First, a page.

So, earlier in Matthew, 16:27, Jesus says that when he comes, “he will reward each person according to what he has done.”

Or, when Paul sets up his argument for justification by faith in the book of Romans, he talks about the need for justification by discussing the Jews and their judgment and Paul says, (2:6) “God will give to each person according to what he has done. To those who by persistence in doing good seek glory, honor and immortality, he will give eternal life. But for those who are self-seeking and who reject the truth and follow evil, there will be wrath and anger.”

And in one other place, 2 Corinthians 5:10, Paul says, “For we must all appear before the judgment seat of Christ, that each one may receive what is due him for the things done while in the body, whether good or bad.”

Now let me clarify one theological matter because this passage does not say everything. The Bible is like that. It assumes the readers know the larger framework of assumptions about God and life which may be discussed in one passage, or demonstrated in one person’s life, but is not repeated. The larger framework is that salvation is not earned by good works. These people who are called “sheep” and “righteous” act consistently with their nature. Nothing is said in this passage about grace, faith or the atoning work of Christ. Matthew 25 does not give a full picture of all that is involved in salvation. We cannot conclude from this one passage that grace, faith and Christ’s atoning work are not significant as we come to judgment day.

At the same time, what we do in life to serve people is important when we come to the judgment day. That’s the long time line perspective. There is another perspective from which to see service. As a person grows and matures in the Christian way, it is necessary to acquire certain skills. One of those skills is service. The reason why we ought to serve people is not because we see service from the perspective of judgment day. That was not the point of the parable in Matthew 25.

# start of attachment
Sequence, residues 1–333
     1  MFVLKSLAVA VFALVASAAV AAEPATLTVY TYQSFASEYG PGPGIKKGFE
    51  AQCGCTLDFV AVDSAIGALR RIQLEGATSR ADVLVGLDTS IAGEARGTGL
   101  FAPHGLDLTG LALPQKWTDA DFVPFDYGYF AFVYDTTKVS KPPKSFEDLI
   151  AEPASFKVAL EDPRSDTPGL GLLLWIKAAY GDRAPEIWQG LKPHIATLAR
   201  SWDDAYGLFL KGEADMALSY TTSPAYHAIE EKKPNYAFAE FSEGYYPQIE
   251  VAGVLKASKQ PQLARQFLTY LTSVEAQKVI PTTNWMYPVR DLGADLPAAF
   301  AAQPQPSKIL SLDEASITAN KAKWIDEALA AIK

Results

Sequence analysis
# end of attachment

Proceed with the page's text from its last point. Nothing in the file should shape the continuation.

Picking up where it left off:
Jesus himself is the example we want to look at and say, here’s why we need to serve people. Jesus ministered to the poor and the outcast and we want to be like Him; if indeed we are His disciples, we need to do the same things. In Matthew 11:5, Jesus is describing his work, “The blind receive sight, the lame walk, those who have leprosy are cured, the deaf hear, the dead are raised, and the good news is preached to the poor.” What we see Jesus doing, we ought to want to do. We all don’t have a gift of healing, but there are a variety of ways to serve the poor and sick. The people in verse 42 of Matthew 25 were wrapped up in their own needs. Those needs took up so much of their time they really had no time left for the needs of people around them. There is always something in our lives which works like being late for an important examination so we ignore what is happening to people around us. I’m guilty of this. Efficiency in use of time is built into me.

C. S. Lewis - I told you I was going to quote him regularly - had a correspondence - in Latin - with an Italian priest named Don Giovanni Calabria. In one letter he wrote,
I believe that the men of this age - and Lewis includes the priest and himself - think too much about the state of nations and the situation of the world. Does not the author of The Imitation (Thomas a Kempis) warn us against involving ourselves too much with such things?

We are not kings, we are not senators. Let us beware lest, while we torture ourselves in vain about the fate of Europe, we neglect Verona (where the priest lived) or Oxford (where Lewis lived).

In the poor man who knocks at my door, in my ailing mother, in the young man who seeks my advice, the Lord Himself is present: therefore let us wash His feet.

I have always believed that Voltaire, infidel though he was, thought aright in that admonition of his to cultivate your own garden....